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Buying Time 2020 – Texas

This page features Texas Supreme Court and Court of Criminal Appeals television advertisements from the 2020 election cycle.

Last Updated: November 11, 2020
Published: October 2, 2020

There are two courts of last resort in Texas: the Texas Supreme Court, which is the court of last resort on civil matters, and the Texas Court of Crim­inal Appeals, which decides crim­inal cases. On both courts, judges serve six-year terms. Texas held a primary elec­tion on March 3, 2020 and held a general elec­tion on Novem­ber 3.

Four seats were up for elec­tion on the Texas Supreme Court. For Place 1, incum­bent Chief Justice Nathan Hecht ran unop­posed in the Repub­lican primary. He was being chal­lenged by District Court Judge Amy Clark Meachum who defeated Court of Appeals Judge Jerry Zimmerer in the Demo­cratic primary, and attor­ney Mark Ash, who ran unop­posed in the Liber­tarian primary. For place 6, incum­bent Justice Jane Bland ran against attor­ney Kathy Cheng for her seat. Bland ran unop­posed in the Repub­lican primary, and Cheng defeated attor­ney Larry Prae­ger in the Demo­cratic primary. For place 7, incum­bent justice Jeffery S. Boyd competed against District Court Judge Staci Willi­ams and attor­ney William Bryan Strange in the general elec­tion. Both Boyd and Strange ran unop­posed in the Repub­lican and Liber­tarian primar­ies respect­ively, while Willi­ams defeated attor­ney Brandy Voss in the Demo­cratic primary. For place 8, incum­bent Justice Brett Busby competed against Court of Appeals Judge Gisela Triana and Tom Oxford. Both Busby and Oxford ran unop­posed in the Repub­lican and Liber­tarian primar­ies respect­ively, whereas Triana defeated Court of Appeals Judge Peter Kelly in the Demo­cratic primary. In the general elec­tion, incum­bent Justices Hecht, Bland, Boyd, and Busby all held on to their seats with 53%, 55%, 54%, and 54% of the vote respect­ively.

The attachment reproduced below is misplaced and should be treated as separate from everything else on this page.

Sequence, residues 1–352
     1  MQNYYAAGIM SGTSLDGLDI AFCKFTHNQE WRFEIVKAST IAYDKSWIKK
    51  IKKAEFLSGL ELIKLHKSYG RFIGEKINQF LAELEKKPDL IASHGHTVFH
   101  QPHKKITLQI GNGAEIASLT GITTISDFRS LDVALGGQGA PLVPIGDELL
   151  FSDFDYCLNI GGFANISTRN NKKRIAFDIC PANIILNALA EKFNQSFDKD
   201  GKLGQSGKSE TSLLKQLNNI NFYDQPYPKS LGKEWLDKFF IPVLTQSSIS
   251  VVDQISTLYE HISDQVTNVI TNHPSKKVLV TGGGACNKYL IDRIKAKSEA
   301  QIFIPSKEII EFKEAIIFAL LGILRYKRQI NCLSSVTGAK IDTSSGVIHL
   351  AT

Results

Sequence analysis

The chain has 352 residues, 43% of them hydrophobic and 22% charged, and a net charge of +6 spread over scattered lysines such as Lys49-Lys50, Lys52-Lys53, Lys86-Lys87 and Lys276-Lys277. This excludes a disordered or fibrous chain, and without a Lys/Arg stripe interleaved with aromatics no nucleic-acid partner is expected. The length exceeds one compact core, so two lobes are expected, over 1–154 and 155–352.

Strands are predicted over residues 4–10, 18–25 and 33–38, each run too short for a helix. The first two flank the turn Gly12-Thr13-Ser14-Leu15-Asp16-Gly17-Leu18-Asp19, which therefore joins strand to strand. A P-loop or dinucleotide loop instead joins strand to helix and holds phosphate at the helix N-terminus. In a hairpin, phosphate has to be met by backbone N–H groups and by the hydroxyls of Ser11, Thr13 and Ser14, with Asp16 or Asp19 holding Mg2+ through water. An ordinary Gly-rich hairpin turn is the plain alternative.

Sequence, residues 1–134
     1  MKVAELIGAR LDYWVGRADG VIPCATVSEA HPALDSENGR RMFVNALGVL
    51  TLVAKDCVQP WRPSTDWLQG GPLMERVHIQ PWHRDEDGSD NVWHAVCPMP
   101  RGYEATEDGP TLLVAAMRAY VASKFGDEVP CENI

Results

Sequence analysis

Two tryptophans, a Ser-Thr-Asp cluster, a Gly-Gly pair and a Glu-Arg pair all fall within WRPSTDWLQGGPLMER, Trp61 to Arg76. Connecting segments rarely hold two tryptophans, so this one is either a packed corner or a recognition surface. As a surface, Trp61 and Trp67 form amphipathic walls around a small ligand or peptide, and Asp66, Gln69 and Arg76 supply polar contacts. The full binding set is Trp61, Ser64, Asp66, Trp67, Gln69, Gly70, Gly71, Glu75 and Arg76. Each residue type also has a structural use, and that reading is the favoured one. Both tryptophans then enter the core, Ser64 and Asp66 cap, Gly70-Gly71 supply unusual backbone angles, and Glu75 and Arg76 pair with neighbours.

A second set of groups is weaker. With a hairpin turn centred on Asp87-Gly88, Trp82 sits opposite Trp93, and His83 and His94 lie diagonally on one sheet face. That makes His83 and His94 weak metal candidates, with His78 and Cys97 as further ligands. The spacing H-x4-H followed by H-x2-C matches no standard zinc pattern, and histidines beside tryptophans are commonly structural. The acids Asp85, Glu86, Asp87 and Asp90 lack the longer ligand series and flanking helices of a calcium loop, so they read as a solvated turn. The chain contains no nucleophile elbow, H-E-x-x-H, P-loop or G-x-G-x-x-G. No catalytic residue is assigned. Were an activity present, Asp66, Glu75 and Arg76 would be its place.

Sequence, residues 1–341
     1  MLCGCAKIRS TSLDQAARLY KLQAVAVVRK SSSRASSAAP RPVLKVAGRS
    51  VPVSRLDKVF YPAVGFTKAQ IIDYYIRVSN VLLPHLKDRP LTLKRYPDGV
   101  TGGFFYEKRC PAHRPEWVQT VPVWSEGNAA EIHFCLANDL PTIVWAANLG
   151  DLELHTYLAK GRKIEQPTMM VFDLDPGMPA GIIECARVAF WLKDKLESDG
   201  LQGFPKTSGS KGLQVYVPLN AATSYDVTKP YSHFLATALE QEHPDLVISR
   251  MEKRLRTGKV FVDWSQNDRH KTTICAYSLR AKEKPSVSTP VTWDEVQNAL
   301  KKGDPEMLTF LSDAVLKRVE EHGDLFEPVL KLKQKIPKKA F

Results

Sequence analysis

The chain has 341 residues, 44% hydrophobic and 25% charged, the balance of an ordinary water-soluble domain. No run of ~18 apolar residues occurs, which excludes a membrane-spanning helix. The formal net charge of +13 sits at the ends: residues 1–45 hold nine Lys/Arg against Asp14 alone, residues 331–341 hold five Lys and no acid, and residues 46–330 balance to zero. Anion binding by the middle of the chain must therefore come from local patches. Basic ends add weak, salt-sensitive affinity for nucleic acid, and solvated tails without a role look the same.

There were three seats up for elec­tion on the Texas Court of Crim­inal Appeals. For place 3, incum­bent Justice Bert Richard­son competed against former District Court Judge Eliza­beth Davis Frizell. In the Repub­lican primary, Richard­son defeated attor­ney Gina Parker. In the Demo­cratic primary, Frizell defeated former Terrell city coun­cil­man Dan Wood and attor­ney William Demond. For place 4, incum­bent Justice Kevin Patrick Yeary competed against District Court Judge Tina Yoo Clin­ton. While Yeary ran unop­posed in the Repub­lican primary, Yoo Clin­ton defeated attor­ney Steven Miears in the Demo­cratic primary. For place 9, incum­bent Justice David Newell competed against District Court Judge Brandon Birm­ing­ham. Both ran unop­posed in the Repub­lican and Demo­cratic primar­ies, respect­ively. In the general elec­tion, incum­bent Justices Richard­son, Yeary, and Newell all held on to their seats with 55%, 55%, and 56% of the vote, respect­ively.

Kantar Media/CMAG: Estim­ated Total TV Spend­ing: $2,180,060*

  • Estim­ated spend­ing by Judi­cial Fair­ness PAC: $2,137,390
  • Estim­ated spend­ing by Gisela Triana: $42,670

*Spend­ing figures last updated Novem­ber 10, 2020

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Advert­ise­ments


Septem­ber 30 – Heroes

Stream video (QT)

This ad shows an image of medical profes­sions and then says that “heroes on the front lines stepped up to serve. They need a cham­pion on the bench like Nathan Hecht.”

Spon­sor: Judi­cial Fair­ness PAC

Estim­ated Spend­ing: $1,031,400


Septem­ber 30 – Honors

Stream video (QT)

This ad says that Chief Justice of the Texas Supreme Court Nathan Hecht “shares values with his fellow Repub­lican Judges on the Court.”

Spon­sor: Judi­cial Fair­ness PAC

Estim­ated Spend­ing: $1,105,990


Octo­ber 22 – Like Many of You

Stream video (QT)

In this ad, Gisela Triana says “like many of you, I’m a work­ing mom.” She goes on to say “my job is to provide equal justice to all. Protect­ing our famil­ies, protect­ing our rights.”

Spon­sor: Gisela Triana

Estim­ated Spend­ing: $42,670